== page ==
U.S. Charges Three Chinese Hackers for Hacking Three Corporations for Commercial Advantage

Washington, D.C.–Wu Yingzhuo, Dong Hao and Xia Lei, all of whom are Chinese nationals and residents of China, were indicted today by a grand jury for computer hacking, theft of trade secrets, conspiracy and identity theft directed at U.S. and foreign employees and computers of three corporate victims in the financial, engineering and technology industries between 2011 and May 2017.  The three Chinese hackers work for the purported China-based Internet security firm Guangzhou Bo Yu Information Technology Company Limited (a/k/a “Boyusec”).

The three victims named in the indictment are Moody’s Analytics, Siemens AG (“Siemens”) and Trimble, Inc. (“Trimble”).

The indictment alleges that the defendants conspired to hack into private corporate entities in order to maintain unauthorized access to, and steal sensitive internal documents and communications from, those entities’ computers.  For one victim, information that the defendants targeted and stole between December 2015 and March 2016 contained trade secrets.

“Once again, the Justice Department and the FBI have demonstrated that hackers around the world who are seeking to steal our companies’ most sensitive and valuable information can and will be exposed and held accountable,” said Acting Assistant Attorney General Boente.  “The Justice Department is committed to pursuing the arrest and prosecution of these hackers, no matter how long it takes, and we have a long memory.”

Defendants Wu, Dong, Xia, and others known and unknown to the grand jury (collectively, “the co-conspirators”) coordinated computer intrusions against businesses and entities, operating in the United States and elsewhere. To accomplish their intrusions, the co-conspirators would, for example, send spearphishing e-mails to employees of the targeted entities, which included malicious attachments or links to malware.  If a recipient opened the attachment or clicked on the link, such action would facilitate unauthorized, persistent access to the recipient’s computer.  With such access, the co-conspirators would typically install other tools on victim computers, including malware the co-conspirators referred to as “ups” and “exeproxy.”  In many instances, the co-conspirators sought to conceal their activities, location and Boyusec affiliation by using aliases in registering online accounts, intermediary computer servers known as “hop points” and valid credentials stolen from victim systems.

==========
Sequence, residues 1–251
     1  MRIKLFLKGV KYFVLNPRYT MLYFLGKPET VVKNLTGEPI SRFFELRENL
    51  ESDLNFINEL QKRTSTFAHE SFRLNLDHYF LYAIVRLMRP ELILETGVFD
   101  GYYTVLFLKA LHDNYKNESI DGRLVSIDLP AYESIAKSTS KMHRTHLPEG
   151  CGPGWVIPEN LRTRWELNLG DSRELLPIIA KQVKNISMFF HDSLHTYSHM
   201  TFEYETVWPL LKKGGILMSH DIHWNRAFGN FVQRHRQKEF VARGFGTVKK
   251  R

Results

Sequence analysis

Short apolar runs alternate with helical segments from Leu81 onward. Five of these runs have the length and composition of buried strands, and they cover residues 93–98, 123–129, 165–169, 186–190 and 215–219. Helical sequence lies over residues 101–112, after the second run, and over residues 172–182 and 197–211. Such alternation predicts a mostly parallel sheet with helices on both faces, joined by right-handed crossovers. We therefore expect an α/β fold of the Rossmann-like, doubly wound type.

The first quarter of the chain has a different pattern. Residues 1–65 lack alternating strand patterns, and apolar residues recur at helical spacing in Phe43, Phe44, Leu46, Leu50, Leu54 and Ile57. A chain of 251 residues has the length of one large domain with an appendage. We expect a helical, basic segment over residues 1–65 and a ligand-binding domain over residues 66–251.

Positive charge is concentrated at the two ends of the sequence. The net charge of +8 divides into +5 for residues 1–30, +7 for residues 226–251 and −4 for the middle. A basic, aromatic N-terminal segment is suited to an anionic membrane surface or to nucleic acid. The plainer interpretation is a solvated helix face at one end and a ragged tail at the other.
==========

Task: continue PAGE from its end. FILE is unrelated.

The primary goal of the co-conspirators’ unauthorized access to victim computers was to search for, identify, copy, package, and steal data from those computers, including confidential business and commercial information, work product, and sensitive victim employee information, such as usernames and passwords that could be used to extend unauthorized access within the victim systems.  For the three victim entities listed in the Indictment, such information included hundreds of gigabytes of data regarding the housing finance, energy, technology, transportation, construction, land survey, and agricultural sectors.

All defendants were charged with conspiring to commit computer fraud and abuse, conspiring to commit trade secret theft, wire fraud, and aggravated identity theft.

NO COMMENTS

LEAVE A REPLY